Jaylen Brown opposes the notion that he and Jayson Tatum can’t co-exist.
“I disagree. I think we can play together,” Brown told reporters following his first career triple-double in the Celtics‘ 99-75 victory over the Knicks on January 8. “We have played together well for the majority of our career and things like that. The last year or so hasn’t gone as expected, but I think a lot of the adversity that we’re kind of going through now is just going to help us grow and get better in the future.”
Yet, no matter how much the two current franchise pillars try and make things work, the jury is still very much out on whether the All-Star pairing can truly take Boston over the edge. With the Cs in the midst of yet another frustrating season and sitting at 10th-place in the Eastern Conference, some would argue the answer to that question is a resounding “no.”
Of course, Brown has been no stranger to trade chatter in recent months. With Tatum as untouchable as any star across the league, Brown is without a doubt Boston’s best bait to overhaul their roster on the fly. One deal in particular that has been readily floated is a trade that would flip Brown for disgruntled Sixers guard Ben Simmons. Chatter of a potential deal including both stars will undoubtedly persist until either one or both are traded. The good news, Bleacher Report’s Dan Favale may have stumbled on a package to do just that — even though, at the end of it, neither would be a member of the Celtics.
B/R’s 3-Team Proposal Deals Brown, Sends De’Aaron Fox to Boston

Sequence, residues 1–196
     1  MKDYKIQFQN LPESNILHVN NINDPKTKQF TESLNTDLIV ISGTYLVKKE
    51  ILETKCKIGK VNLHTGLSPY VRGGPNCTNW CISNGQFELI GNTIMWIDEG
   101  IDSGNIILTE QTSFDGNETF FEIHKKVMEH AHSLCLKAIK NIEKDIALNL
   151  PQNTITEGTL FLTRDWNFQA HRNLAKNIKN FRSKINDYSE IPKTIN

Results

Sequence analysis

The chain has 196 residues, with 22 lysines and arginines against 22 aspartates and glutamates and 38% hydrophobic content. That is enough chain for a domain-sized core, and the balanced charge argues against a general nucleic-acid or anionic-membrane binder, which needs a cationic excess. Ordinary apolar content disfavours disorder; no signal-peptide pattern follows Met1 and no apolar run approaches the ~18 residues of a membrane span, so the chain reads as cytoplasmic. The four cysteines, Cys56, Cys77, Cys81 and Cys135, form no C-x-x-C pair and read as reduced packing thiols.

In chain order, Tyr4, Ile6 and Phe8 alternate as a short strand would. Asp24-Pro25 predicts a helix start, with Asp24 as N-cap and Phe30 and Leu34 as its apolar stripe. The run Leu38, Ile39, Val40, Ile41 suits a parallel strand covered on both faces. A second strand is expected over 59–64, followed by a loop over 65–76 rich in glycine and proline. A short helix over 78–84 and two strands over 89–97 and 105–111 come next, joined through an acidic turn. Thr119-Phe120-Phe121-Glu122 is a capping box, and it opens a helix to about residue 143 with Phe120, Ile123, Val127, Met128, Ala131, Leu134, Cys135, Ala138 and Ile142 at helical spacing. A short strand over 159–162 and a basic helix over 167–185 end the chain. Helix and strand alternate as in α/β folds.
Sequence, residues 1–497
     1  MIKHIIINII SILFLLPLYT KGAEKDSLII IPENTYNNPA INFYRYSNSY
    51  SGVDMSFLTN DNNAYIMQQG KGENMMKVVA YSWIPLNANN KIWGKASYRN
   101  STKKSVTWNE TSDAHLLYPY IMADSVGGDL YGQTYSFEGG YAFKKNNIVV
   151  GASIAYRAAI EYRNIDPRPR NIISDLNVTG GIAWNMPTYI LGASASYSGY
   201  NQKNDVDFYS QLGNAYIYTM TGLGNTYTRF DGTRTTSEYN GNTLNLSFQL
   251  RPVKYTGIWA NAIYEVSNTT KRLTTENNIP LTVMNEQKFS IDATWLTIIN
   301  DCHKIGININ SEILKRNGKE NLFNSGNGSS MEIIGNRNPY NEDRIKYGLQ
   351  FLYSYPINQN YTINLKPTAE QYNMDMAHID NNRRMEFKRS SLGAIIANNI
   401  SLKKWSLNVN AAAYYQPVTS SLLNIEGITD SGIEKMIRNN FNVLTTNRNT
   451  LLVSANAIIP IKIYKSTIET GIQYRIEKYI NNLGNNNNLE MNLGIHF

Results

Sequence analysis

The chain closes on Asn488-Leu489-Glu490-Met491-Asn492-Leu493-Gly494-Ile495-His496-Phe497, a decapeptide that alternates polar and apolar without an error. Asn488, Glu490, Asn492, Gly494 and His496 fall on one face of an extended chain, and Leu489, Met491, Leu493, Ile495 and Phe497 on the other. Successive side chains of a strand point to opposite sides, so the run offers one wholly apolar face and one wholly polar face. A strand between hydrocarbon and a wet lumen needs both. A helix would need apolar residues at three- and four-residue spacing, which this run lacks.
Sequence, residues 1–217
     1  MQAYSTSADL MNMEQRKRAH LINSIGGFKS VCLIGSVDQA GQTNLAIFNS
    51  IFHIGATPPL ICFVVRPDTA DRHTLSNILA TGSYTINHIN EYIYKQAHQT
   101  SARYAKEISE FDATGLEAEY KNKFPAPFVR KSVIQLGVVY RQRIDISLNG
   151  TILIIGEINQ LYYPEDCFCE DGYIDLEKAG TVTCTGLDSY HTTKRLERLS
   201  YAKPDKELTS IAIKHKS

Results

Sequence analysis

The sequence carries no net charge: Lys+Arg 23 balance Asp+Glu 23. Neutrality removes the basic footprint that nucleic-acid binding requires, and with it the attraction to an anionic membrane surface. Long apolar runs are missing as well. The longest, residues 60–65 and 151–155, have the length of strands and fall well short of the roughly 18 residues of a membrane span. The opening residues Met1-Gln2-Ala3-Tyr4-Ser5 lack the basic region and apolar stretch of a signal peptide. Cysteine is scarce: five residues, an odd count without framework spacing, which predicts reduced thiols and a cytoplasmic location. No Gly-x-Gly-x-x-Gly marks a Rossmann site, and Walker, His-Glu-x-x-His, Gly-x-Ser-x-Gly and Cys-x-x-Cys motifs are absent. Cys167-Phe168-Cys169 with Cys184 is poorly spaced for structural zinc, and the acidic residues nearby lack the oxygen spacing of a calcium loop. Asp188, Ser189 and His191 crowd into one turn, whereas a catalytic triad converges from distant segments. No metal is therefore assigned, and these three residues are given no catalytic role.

Using both Brown and Simmons as trade chips, the NBA analyst fired up a three-team blockbuster that would drape De’Aaron Fox in green and white. Here’s how the monster proposal shapes up, per Favale:
- Boston Celtics Receive:
- Terence Davis
- De’Aaron Fox
- Philadelphia’s 2022 first-round pick (top-five protection)
- 2024 first-round swap (via Philadelphia)
- Philadelphia 76ers Receive:
- Jaylen Brown
- Juan Hernangomez
- Sacramento Kings Receive:
- Ben Simmons
- Jaden Springer
- 2023 first-round swap (via Philadelphia)
Disclaimer: Yours truly does not think the Celtics should trade Brown. But the sentiment itself also isn’t egregious given how much Boston needs to revamp its offense. Fox can help. He isn’t the quintessential floor general, but his playmaking exceeds that from Brown, and he maintains the higher ceiling as a self-creator. He should not torpedo the Celtics defense even after they surrender Brown, and they get two additional assets in Davis and a first-rounder, plus a swap they could theoretically use. They can also leave Davis in Sacramento in favor of almost getting out of the tax.
Sacramento needs to do something—anything. Damning itself to a treadmill of sub-mediocrity is inexcusable…
Figuring out the peripheral compensation induces migraines. Brown is the best player in this deal, so extra assets should be coming out of Philly. Maybe they’re divvied up differently among Boston and Sacramento, but this general framework sure seems like a conversation starter—insofar as the Celtics haven’t designated Brown off-limits.
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Kings Open to Dealing Fox?
While Fox had his struggles out the gate this season, he’s since picked up his production tenfold. Over his last four games, the former Kentucky standout has averaged 28.5 points, 5.8 assists and 4.5 rebounds — including back-to-back-to-back 30-point outings. His 3-point shooting is still a mess (24.8%), but at just 24 years old and a history of being a borderline All-Star talent, he’d present the type of upside that has been vacant in Boston’s backcourt for quite some time.
Despite handing Fox a five-year, $163 million contract just over a year ago, the Kings appear at least willing to entertain the idea of moving off their starting point guard. On December 17, ESPN’s Tim MacMahon joined the “Brian Windhorst & The Hoop Collective” podcast where he claimed to be hearing “a lot of smoke” regarding Sacramento’s openness to dealing Fox. The organization has used lottery picks in back-to-back drafts on guards (Tyrese Haliburton and Davion Mitchell), creating a logjam in the backcourt for a team that — like the Celtics — sit at 10th-place in their conference.